Mike Savage has posted a thoughtful essay on the Stratification & Culture Research Network blog reflecting on Thomas Piketty’s Capital in the 21st Century. There’s a lot of interest here but the element that really intrigued me was the discussion of Piketty’s methodology and how it relates to current trends within sociology: Methodologically, Piketty is […]
I’ve blogged a few times recently about Thomas Piketty and the making of intellectual superstars. I find his elevation to “rock star” status fascinating, not least of all the deeply performative nature of this silly epithet, revealing as it does many interesting trends about the status of intellectuals in contemporary circumstances. The case has become even more fascinating with […]
I love the line “this isn’t a book about Gordon Gecko, it’s a book about Gordon Gecko’s son or daughter”.
Second, Piketty and fellow French economist and University of California, Berkeley, inequality researcher Emmanuel Saez are arguably the most important public intellectuals in the world today. Their research is driving the economic agenda pushed by Washington Democrats and promoted by the mainstream media. The soft Marxism in Capital, if unchallenged, will spread among the clerisy and […]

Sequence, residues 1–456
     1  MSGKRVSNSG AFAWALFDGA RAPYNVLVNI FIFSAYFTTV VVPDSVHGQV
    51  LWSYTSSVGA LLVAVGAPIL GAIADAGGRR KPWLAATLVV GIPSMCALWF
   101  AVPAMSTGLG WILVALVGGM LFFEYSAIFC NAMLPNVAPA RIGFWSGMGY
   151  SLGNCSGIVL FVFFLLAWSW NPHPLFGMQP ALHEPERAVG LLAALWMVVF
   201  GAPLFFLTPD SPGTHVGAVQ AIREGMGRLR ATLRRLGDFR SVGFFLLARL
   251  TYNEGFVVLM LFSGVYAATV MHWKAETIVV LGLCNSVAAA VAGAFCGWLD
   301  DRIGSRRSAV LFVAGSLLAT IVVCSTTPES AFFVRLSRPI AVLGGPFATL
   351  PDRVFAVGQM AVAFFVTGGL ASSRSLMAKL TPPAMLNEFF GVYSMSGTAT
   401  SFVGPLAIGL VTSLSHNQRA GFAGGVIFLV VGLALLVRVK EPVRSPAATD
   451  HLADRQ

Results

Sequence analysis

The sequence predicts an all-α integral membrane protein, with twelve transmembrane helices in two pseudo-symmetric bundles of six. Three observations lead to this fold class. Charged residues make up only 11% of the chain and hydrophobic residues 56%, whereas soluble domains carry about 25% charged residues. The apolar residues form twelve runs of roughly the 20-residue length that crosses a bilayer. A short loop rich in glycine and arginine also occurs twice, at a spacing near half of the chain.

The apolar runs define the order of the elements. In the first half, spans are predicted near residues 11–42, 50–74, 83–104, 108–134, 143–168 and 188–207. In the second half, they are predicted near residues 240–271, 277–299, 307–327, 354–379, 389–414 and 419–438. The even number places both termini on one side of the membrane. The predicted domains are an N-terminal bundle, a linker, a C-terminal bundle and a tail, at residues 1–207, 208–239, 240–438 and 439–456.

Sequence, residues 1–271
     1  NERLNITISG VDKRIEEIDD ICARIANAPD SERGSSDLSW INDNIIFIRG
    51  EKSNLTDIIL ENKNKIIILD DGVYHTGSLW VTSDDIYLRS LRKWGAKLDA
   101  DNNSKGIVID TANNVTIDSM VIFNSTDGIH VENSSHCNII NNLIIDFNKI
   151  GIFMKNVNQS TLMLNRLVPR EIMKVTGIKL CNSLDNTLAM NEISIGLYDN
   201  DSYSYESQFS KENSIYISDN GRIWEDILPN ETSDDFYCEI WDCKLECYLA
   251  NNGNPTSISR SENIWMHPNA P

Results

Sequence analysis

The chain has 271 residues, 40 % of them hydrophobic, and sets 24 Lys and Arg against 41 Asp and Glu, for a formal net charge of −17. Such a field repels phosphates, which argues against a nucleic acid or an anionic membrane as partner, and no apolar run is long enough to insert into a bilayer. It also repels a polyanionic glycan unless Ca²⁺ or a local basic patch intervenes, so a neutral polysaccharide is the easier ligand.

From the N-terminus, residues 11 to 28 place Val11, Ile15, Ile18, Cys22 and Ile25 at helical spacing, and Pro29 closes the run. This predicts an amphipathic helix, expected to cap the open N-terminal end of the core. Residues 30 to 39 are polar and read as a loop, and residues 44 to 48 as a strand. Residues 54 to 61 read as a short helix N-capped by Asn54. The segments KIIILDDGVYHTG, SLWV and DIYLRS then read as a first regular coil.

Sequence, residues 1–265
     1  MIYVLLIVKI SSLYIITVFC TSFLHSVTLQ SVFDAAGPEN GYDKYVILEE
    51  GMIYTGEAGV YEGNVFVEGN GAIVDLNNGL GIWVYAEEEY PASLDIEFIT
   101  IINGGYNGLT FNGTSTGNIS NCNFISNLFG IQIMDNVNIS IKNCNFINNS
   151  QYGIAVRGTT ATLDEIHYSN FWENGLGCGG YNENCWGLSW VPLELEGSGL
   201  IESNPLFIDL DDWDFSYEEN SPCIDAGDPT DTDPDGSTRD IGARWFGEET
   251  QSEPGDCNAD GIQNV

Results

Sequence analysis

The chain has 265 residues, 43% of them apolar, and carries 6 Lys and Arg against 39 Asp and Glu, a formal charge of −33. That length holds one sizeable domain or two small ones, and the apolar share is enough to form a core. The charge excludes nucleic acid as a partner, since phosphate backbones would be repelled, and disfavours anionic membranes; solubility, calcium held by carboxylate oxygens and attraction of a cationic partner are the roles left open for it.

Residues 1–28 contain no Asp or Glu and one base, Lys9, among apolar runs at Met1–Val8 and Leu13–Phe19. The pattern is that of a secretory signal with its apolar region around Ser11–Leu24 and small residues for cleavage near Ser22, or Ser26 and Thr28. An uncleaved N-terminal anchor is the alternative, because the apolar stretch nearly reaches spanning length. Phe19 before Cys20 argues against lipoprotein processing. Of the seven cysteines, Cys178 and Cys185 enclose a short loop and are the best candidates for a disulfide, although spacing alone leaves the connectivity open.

I wrote last week about the rapidly emerging discourse of Piketty having won the argument. I’m somewhat suspicious of it, largely because I read enough postmodernism at an impressionable time in my life to believe that people don’t win arguments in this way. Having said this, I’m actually reading the book now and it is clearly something […]
Is this the first time a 640 page hardback book about economics has been a “#1 Best Seller” on Amazon? I suspect so. It does sound like an excellent book. I’ll almost certainly read it once it’s out in paperback. But I’m intuitively suspicious of the discourse surrounding the book and the rapidity with which Piketty has […]